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Trafficking of children is a form of human trafficking. It is defined as the recruitment, transportation, transfer, harboring, or receiving of children for the purpose of exploitation.

Commercial sexual exploitation of children can take many forms, including forcing a child into prostitution,[1] other forms of sexual activity, or child pornography. Child exploitation can also include forced labor or services, slavery or practices similar to slavery, servitude, the removal of organs, illicit international adoption, trafficking for early marriage, recruitment as child soldiers, for use in begging, as athletes (such as child camel jockeys or football players), or for recruitment for cults.[2]

According to international legislation, in the case of children, the use of force or other forms of coercion, such as abduction, fraud, deception, the abuse of power, or a position of vulnerability does not need to be present in order for the crime to be considered trafficking.[3] The UN Protocol to Prevent, Suppress and Punish Trafficking in Persons, especially Women and Children also defines child trafficking as trafficking in human beings. The International Labor Organization convention 182 defines it as a form of child labor.

Defining child trafficking

There is a tendency for the trafficking debate to gravitate into an approach against criminals on the one hand and an approach supporting human rights or protection on the other hand. This creates a false impression of opposing perspectives when both dimensions are inherently linked and essential to prevent and combat trafficking.[4]

Despite its importance in any approach to the trafficking problem, there is no single definition of exploitation, and there is difficulty in determining the point at which exploitation begins.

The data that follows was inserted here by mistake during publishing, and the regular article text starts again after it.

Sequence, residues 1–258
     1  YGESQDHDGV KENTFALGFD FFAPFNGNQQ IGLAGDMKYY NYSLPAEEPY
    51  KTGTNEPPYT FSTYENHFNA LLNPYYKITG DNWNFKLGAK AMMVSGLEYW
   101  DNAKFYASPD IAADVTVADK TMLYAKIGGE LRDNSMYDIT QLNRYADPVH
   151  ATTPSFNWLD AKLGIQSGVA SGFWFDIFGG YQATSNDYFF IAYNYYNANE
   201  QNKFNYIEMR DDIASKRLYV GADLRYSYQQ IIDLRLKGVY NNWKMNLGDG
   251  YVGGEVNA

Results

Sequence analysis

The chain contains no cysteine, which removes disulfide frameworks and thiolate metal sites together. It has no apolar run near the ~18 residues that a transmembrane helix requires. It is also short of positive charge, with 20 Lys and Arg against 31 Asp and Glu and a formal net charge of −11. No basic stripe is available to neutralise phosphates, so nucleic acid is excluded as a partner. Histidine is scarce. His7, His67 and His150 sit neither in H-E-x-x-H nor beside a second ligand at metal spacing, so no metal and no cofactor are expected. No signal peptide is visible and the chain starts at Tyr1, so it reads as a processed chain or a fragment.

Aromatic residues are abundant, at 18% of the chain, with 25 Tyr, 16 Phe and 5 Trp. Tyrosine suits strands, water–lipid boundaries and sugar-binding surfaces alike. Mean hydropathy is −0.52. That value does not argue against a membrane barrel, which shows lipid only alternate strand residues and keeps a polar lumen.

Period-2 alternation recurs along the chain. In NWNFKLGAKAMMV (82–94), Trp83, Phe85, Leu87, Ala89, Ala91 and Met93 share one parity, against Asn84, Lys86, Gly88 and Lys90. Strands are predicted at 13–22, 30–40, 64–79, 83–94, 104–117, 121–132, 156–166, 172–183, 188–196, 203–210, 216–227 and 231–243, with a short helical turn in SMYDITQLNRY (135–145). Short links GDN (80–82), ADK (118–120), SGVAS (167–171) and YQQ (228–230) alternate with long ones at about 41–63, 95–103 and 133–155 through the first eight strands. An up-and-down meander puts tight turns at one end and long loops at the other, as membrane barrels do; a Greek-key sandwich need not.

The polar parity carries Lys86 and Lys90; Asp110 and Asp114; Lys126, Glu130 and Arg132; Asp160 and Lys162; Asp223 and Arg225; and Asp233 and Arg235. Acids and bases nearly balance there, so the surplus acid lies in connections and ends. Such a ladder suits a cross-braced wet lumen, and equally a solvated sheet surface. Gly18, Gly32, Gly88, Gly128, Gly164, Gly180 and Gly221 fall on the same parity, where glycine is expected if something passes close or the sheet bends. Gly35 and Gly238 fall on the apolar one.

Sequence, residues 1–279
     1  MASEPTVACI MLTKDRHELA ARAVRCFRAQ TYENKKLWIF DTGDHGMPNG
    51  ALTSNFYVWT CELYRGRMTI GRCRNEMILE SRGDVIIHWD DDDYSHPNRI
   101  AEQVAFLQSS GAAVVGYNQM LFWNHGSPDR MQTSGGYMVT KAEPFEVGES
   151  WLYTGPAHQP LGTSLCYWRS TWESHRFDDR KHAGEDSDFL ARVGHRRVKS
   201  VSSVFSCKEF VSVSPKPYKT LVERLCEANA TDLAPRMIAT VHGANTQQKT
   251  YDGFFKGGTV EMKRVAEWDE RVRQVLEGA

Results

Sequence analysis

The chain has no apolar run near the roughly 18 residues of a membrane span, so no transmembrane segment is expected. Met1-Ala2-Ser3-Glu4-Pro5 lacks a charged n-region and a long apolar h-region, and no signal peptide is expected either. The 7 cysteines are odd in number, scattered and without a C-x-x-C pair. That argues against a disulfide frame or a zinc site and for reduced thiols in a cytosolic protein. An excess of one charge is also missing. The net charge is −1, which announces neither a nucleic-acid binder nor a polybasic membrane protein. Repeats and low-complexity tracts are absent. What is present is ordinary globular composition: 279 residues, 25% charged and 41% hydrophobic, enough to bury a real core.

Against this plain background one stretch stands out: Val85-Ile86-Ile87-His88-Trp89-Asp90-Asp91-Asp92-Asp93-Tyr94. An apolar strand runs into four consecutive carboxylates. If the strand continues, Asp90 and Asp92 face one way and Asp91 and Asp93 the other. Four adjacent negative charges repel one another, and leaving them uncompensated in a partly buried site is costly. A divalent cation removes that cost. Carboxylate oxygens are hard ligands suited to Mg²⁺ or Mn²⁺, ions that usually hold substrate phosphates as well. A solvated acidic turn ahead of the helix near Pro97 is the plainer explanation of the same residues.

The Palermo definition is not limited to cross-border trafficking—between neighboring States—and can be applied to both internal and intercontinental trafficking.

There are potential links between trafficking and migration. When people move from place to place at local, national, or international levels, they are likely to become more vulnerable, particularly at times of political crisis or in the face of social or economic pressures. Whether driven by desperate situations or motivated to seek better opportunities in life, they may willingly consent to being smuggled across a border. Once transported across the border, they may find themselves abducted into a trafficking network, unable to escape and without access to legal advice or protection.[5]

International legislation

The United Nations Protocol to Prevent, Suppress and Punish Trafficking in Persons, especially Women and Children supplements the United Nations Convention against Transnational Organized Crime (2000). The Protocol had been ratified by 135 countries.[6]

The International Labour Organization's Convention concerning the Prohibition and Immediate Action for the Elimination of the Worst Forms of Child Labour (ILO convention 182) (1999) defines it as a form of child labour.

Under both conventions, a child is any person younger than eighteen years of age.

See also


External links


de:Kinderhandel fr:Trafic d'enfants id:Perdagangan anak sw:Ulanguzi wa watoto nl:Kinderhandel fi:Lapsikauppa

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